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We import 25+ year old Japanese vehicles into the USA. 



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Filtering by Tag: fairlady z

Importing a car from Japan from start to finish - Part I: Finding and Purchasing the car.

RB Motoring

Importing a car from Japan - Part I: Finding and Purchasing the car. 

We are sourcing a car for a customer and will be chronicling the process in a series of blog posts. If there's anything you'd like more detail about, leave it in the comments and we'll either expand in the next post, or answer your questions in the comments. 

Finding the car 

Dale emailed us on July 25th asking for us to broker the exchange and complete the paperwork to title a 1990 Fairlady Z (300ZX in the USA) from one of the bigger exporters in Japan. We gave him a breakdown of the cost that he'd be paying on top of their advertised cost of the vehicle, and the general time frame he'd be looking at before it would be at his doorstep. After a little back and forth, we agreed to attempt to negotiate on the car, and perform a third party inspection for 10,000 yen (roughly $100). Dale decided he wanted to pull the trigger on this car, so we sent him an invoice for the $100 inspection, and sent the seller an email asking if it was still available and what their availability would be for an inspection. 

This one sold before we could get to it. 

This one sold before we could get to it. 

The next day we received an email from the seller stating that the car was sold. On to the next one. We emailed Dale the bad news, but also sent him a couple similar options and a couple questions so we could narrow down what he's looking for, and find him something that fits. He was looking for a Fairlady Z in good shape, automatic transmission, and would prefer the VG30DETT engine but could deal with the VG30DE if the price was right. We thought we struck gold in finding something exactly like the one above and in his price range, but the A/C was not functioning. Dale lives in Houston so A/C is a must. On to the next one again! We sent him a few more options over the next few days and eventually found this one for him:

The car we would eventually purchase. 

The car we would eventually purchase. 

The next day Dale emailed us back and said he liked it, and would like to go ahead with an inspection. It was now July 30th, 5 days after our first email. 

Two days later we had a response from the dealership about an inspection, and negotiated with them a bit to bring the price down. We sent Dale a breakdown of cost for the car including all the fees, giving him a total fixed cost in US Dollars for this car to arrive at his doorstep. He agreed and we sent him an invoice for the inspection, which was paid in less than 12 hours.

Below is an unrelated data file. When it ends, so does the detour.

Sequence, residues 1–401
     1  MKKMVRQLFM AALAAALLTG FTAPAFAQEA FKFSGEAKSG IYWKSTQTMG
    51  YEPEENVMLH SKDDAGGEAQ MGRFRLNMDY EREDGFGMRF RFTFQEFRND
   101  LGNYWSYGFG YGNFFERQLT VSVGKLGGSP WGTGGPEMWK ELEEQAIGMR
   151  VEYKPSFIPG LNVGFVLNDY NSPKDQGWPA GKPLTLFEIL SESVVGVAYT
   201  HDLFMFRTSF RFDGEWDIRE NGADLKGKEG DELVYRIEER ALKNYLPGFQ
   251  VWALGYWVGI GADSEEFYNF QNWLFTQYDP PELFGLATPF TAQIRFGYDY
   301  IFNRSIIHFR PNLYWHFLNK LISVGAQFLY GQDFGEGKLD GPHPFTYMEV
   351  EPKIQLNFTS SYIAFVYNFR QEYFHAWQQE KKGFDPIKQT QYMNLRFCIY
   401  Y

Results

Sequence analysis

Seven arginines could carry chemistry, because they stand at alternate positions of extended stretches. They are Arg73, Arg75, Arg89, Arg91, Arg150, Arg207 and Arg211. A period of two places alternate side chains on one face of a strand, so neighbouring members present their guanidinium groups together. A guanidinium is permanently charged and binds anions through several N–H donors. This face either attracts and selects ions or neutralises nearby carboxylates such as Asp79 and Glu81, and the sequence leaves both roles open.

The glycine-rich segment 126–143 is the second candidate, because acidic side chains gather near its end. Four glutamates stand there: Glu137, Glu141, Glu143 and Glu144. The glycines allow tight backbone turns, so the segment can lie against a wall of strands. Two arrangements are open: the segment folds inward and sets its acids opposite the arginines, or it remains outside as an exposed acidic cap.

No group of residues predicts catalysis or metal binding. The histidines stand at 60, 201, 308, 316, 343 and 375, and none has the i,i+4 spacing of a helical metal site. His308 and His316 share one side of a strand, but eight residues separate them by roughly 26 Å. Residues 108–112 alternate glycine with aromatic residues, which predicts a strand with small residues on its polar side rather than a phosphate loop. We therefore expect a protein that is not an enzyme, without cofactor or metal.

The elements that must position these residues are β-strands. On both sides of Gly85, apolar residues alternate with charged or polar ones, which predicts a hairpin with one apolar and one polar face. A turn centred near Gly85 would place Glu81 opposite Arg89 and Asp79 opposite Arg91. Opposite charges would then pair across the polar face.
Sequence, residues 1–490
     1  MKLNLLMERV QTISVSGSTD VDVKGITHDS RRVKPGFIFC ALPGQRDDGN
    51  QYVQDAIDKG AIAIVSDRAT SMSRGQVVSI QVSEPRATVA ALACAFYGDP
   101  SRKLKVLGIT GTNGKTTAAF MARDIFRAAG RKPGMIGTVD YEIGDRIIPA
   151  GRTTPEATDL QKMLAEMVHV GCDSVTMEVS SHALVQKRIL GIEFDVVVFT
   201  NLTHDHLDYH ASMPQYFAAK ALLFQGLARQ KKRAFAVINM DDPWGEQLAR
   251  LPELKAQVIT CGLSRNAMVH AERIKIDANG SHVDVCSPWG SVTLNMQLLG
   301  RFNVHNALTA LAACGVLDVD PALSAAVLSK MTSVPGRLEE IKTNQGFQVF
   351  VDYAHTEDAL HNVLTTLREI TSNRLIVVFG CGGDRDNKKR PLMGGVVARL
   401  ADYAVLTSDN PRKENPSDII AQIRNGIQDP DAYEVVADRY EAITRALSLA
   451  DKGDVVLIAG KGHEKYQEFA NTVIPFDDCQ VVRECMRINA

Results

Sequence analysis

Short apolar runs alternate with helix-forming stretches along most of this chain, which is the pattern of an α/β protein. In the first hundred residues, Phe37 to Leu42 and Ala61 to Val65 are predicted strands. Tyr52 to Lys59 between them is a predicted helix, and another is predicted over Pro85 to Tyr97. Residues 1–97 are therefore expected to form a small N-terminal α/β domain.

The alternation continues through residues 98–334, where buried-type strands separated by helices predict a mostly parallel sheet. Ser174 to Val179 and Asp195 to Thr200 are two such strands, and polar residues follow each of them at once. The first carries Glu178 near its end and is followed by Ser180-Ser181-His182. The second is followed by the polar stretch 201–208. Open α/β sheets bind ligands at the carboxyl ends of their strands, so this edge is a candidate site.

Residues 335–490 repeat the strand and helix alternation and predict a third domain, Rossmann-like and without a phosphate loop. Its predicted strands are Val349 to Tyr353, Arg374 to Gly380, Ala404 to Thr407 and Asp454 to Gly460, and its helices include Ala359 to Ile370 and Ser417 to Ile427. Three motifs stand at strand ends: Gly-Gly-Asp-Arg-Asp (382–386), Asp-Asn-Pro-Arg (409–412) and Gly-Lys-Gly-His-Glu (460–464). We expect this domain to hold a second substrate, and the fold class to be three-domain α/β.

Inspecting the Fairlady Z

On August 4th the dealership formally accepted our request for an inspection. Our inspections are done through third parties to protect both us and our buyers. Inspectors are an impartial party that are paid regardless of the results of the inspection. 

Since the inspection was accepted late on a Thursday (Friday in Japan), the actual scheduling process didn't begin until the following Monday, August 8th. We didn't hear back from the dealership for a whole week. The following week (Monday August 15th) is a holiday week in Japan for the O Bon Festival. A lot of dealerships take the week off and the auctions are pretty empty as well. We let Dale know about the delay and he was understanding. 

The inspection sheet showed up unexpectedly on August 19th. We're guessing the dealer probably forgot to inform us of the inspection date due to the holiday season. We forwarded the results to Dale with a quick translation. 

Verified original mileage (87k kilometers), some minor scratches and dings, a chip in the windshield, and some surface rust underneath. 

Verified original mileage (87k kilometers), some minor scratches and dings, a chip in the windshield, and some surface rust underneath. 


Dale was satisfied with the condition of the car, and we sent him an invoice for the cost. He paid it today (August 20th) through a wire transfer and we are picking up the car on Monday from the dealership. Since our initial agreement of a fixed price the yen to dollar exchange rate took a considerable hit. We won't be correcting our price and will instead eat the loss as we feel that's only fair. We may reconsider giving our agreed prices in JPY from now on. 



That concludes Part I. Next time we'll be covering shipping, and prepping the paperwork for export.